They also have some awesome graphs – if you can’t get hold of the paper, email the authors and they can send you one, otherwise I can pass on one. Anyway Figure 1 basically looks like a sideways hot air balloon with a face.  I am sure it means something very scientific but all I am seeing is pure Rorschach.

If anything I have said is incorrect, then that is not really very surprising…..

Chengdu – Phun with Phase Diagrams

March 23, 2009

The institution of the day is again located in China (as the country that has been selected for the week) and is located in Chengdu, Sichaun (I always think of spicy chilli dishes when I see that name).  The university I am writing about today specialises in the areas of science (yay!) and engineering (yay again!) but also offers courses in business (economics and management), arts, philosopy and law.  It is:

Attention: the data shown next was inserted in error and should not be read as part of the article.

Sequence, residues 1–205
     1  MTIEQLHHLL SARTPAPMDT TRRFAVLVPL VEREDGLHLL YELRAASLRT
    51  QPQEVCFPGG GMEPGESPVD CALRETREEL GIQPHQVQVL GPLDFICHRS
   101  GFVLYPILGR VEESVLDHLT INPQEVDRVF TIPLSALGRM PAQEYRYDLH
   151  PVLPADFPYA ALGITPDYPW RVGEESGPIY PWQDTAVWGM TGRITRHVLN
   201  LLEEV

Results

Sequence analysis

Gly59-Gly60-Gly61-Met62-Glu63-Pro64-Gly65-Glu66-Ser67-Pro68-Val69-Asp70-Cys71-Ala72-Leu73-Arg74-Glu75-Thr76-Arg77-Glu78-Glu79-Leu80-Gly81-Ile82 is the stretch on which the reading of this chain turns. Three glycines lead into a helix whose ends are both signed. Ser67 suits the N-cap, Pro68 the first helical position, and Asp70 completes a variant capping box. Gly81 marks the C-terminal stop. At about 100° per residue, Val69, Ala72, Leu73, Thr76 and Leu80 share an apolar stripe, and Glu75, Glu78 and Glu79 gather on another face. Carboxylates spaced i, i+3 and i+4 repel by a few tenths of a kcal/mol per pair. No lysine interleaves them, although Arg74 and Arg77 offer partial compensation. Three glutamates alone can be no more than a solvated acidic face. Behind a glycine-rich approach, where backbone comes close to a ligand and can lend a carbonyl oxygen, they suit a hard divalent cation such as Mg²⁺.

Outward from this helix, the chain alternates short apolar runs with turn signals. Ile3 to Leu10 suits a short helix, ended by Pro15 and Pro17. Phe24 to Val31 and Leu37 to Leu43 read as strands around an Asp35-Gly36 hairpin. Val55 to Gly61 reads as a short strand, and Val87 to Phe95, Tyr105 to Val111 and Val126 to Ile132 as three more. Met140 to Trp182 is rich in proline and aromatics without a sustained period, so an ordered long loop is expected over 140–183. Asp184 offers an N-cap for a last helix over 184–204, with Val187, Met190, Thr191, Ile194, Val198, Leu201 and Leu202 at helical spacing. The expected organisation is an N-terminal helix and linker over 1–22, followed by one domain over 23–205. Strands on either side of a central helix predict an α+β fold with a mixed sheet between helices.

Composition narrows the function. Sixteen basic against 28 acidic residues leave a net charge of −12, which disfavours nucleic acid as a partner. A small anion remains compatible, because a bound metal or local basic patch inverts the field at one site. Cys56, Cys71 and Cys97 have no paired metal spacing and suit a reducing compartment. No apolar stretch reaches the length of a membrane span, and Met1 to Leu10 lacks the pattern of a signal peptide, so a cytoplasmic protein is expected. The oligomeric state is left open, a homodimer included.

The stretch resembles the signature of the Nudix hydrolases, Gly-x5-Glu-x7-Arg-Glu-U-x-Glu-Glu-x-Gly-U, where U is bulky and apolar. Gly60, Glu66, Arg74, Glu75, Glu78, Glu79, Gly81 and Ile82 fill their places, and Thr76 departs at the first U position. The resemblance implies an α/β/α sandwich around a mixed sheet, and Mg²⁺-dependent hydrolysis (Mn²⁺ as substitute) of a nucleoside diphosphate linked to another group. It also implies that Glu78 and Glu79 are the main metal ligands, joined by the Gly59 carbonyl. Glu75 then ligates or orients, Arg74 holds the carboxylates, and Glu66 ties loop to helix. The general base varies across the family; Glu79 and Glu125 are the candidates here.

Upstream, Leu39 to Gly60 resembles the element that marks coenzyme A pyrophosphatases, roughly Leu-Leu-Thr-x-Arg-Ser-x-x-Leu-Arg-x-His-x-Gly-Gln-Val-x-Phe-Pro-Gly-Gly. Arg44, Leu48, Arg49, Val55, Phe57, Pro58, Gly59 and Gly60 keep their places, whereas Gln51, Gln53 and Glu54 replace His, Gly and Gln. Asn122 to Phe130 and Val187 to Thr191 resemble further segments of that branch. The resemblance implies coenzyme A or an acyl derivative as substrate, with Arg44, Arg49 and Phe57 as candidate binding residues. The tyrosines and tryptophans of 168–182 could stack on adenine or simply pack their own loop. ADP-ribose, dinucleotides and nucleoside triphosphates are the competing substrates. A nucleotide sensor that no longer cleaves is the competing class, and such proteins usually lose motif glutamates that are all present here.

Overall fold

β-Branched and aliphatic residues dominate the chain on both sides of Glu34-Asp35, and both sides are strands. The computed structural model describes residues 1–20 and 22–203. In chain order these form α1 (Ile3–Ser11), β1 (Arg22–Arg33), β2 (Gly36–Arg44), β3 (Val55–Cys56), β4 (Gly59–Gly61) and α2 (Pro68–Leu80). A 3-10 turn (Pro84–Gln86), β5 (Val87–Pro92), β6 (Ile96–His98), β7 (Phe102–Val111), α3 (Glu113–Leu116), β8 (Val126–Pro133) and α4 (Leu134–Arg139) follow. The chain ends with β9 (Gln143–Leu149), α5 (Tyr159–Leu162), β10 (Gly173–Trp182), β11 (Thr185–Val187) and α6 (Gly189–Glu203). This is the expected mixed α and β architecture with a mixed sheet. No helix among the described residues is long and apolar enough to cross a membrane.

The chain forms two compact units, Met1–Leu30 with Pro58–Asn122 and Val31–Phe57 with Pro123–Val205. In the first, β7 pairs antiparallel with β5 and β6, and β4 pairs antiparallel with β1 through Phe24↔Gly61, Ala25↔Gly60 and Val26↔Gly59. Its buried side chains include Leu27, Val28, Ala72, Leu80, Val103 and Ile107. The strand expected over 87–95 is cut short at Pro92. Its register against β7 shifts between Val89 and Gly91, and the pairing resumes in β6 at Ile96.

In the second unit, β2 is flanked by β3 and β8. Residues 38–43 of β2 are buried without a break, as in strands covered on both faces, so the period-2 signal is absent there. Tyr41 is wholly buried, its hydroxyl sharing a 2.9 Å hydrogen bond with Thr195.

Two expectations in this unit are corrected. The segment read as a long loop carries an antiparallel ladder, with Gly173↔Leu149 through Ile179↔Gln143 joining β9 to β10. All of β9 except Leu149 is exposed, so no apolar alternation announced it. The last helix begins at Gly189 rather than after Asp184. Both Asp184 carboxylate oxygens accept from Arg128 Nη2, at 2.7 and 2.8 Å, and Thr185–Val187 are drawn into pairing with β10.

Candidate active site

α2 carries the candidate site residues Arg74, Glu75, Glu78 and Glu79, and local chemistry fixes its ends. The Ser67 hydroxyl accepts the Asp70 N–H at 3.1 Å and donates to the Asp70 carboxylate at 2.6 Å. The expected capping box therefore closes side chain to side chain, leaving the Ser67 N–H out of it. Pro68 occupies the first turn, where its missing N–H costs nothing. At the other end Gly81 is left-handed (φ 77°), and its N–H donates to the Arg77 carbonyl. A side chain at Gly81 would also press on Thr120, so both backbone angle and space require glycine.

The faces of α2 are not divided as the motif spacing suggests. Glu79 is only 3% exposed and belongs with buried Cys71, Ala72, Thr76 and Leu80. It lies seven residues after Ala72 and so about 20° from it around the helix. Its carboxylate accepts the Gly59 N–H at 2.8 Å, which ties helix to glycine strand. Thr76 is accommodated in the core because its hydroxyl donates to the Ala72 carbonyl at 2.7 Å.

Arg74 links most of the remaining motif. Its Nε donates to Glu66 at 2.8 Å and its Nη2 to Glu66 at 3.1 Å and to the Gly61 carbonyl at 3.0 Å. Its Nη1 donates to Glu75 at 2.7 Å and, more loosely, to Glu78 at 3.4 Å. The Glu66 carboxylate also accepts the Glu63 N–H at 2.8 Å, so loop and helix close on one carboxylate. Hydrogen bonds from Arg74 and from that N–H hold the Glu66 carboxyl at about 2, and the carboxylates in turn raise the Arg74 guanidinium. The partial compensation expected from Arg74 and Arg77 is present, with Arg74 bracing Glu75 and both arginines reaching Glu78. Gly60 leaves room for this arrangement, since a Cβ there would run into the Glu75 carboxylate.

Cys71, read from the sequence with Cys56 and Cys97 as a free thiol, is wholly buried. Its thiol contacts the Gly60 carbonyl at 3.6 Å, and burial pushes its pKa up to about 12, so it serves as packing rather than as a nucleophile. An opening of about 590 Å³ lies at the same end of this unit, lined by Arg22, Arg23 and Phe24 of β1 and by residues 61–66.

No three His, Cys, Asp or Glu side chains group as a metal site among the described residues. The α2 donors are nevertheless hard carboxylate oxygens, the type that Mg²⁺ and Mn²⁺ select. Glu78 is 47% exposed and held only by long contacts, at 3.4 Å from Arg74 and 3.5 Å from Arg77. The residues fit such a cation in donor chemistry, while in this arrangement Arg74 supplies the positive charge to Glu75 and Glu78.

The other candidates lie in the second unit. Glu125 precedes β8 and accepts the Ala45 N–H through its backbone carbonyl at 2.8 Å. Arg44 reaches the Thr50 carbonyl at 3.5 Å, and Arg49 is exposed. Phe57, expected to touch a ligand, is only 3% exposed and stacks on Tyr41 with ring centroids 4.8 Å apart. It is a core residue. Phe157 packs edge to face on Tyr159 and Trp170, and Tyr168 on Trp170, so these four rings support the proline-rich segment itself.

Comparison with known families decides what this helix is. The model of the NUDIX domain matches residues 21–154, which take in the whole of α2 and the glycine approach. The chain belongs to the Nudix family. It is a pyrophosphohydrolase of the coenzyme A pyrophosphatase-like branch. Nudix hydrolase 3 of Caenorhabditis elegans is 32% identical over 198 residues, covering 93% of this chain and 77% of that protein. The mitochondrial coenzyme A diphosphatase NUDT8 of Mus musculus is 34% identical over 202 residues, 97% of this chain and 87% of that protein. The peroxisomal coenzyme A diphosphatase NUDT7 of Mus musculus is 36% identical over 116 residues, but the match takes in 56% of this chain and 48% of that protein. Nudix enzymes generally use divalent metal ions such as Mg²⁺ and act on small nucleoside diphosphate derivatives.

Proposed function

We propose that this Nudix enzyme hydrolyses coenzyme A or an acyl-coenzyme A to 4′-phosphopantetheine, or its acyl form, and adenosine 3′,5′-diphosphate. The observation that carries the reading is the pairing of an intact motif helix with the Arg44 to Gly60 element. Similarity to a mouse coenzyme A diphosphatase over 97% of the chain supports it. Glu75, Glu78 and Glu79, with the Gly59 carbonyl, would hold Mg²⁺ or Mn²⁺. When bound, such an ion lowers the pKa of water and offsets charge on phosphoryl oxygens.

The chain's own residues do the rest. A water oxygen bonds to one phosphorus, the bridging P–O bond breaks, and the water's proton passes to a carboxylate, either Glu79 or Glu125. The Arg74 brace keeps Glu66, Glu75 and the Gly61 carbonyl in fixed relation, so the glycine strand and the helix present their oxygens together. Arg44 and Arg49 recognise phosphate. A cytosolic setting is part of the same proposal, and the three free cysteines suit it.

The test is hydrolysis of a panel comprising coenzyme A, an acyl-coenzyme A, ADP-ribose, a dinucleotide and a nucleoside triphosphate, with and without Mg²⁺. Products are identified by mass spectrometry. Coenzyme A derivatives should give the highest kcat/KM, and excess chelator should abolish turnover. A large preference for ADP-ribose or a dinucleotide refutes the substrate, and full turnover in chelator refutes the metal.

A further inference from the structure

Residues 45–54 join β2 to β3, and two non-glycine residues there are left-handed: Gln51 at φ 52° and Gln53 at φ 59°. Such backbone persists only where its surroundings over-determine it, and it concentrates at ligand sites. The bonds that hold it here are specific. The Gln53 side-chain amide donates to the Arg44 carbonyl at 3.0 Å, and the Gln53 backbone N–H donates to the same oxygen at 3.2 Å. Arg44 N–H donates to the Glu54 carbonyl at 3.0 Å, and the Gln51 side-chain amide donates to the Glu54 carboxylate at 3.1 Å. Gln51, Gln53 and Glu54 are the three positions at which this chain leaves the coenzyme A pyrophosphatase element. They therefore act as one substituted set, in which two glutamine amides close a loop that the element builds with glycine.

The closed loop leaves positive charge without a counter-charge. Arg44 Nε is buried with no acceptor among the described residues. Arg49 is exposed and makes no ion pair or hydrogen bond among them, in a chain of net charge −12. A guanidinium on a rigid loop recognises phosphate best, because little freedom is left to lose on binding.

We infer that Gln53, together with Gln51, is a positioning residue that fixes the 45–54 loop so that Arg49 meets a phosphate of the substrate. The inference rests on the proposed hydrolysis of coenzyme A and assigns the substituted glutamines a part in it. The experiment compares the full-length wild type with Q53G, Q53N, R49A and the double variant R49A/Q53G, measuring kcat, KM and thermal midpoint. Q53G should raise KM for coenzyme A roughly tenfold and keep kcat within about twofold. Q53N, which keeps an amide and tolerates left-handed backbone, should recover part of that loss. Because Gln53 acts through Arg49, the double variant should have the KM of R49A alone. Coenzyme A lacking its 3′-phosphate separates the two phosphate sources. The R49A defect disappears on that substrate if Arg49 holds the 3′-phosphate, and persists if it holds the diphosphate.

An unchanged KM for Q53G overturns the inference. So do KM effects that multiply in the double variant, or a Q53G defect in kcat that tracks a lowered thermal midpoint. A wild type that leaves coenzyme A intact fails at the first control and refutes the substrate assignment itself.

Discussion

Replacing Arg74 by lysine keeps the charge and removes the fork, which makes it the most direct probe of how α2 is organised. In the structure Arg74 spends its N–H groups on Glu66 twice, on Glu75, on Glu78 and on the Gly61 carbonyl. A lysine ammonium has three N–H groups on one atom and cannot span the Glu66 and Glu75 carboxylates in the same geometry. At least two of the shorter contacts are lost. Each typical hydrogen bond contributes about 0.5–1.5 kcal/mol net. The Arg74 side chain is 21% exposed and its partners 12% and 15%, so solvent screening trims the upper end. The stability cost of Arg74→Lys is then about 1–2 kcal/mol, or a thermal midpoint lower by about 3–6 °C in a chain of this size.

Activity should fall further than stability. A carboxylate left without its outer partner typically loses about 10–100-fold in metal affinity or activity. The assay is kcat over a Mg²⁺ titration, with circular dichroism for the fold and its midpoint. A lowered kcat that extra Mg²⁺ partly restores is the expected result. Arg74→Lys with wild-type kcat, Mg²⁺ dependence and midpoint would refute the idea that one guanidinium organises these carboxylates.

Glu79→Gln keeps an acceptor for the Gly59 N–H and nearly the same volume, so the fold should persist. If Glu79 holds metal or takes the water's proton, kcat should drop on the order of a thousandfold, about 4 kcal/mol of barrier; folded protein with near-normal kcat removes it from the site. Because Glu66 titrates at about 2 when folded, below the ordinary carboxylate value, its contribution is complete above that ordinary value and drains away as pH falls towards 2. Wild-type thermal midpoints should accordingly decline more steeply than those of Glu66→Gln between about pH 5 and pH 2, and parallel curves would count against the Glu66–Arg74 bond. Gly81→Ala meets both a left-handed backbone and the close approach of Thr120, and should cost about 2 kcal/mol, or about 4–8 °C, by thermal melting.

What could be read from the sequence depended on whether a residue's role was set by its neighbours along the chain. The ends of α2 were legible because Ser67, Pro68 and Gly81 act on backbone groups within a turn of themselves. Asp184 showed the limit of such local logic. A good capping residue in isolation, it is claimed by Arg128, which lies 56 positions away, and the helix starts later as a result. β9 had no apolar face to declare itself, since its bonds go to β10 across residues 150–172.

Chengdu University of Technology.

Historically CDUT carried out a lot of work in geology and some of their research centres reflect that as the university houses both the National Key Laboratory of Oil and Gas Reservoir Geology and Exploitation (hmm not sure if that last word translated correctly)  as well as the National Specialty Laboratory of Geohazard Prevention and Geoenvironment Protection (interesting juxtaposition of research).

Today’s work actually falls inside my field, chemical engineering, so maybe I will have something lucid to say about this work (or not…):

Deng, T., Yin, H., Li, D., Metastable Phase Equilibrium in the Aqueous Ternary System (Li2SO4 + MgSO4+ H2O) at 348.15 K, Journal of Chemical and Engineering Data, 54(2), 498-501.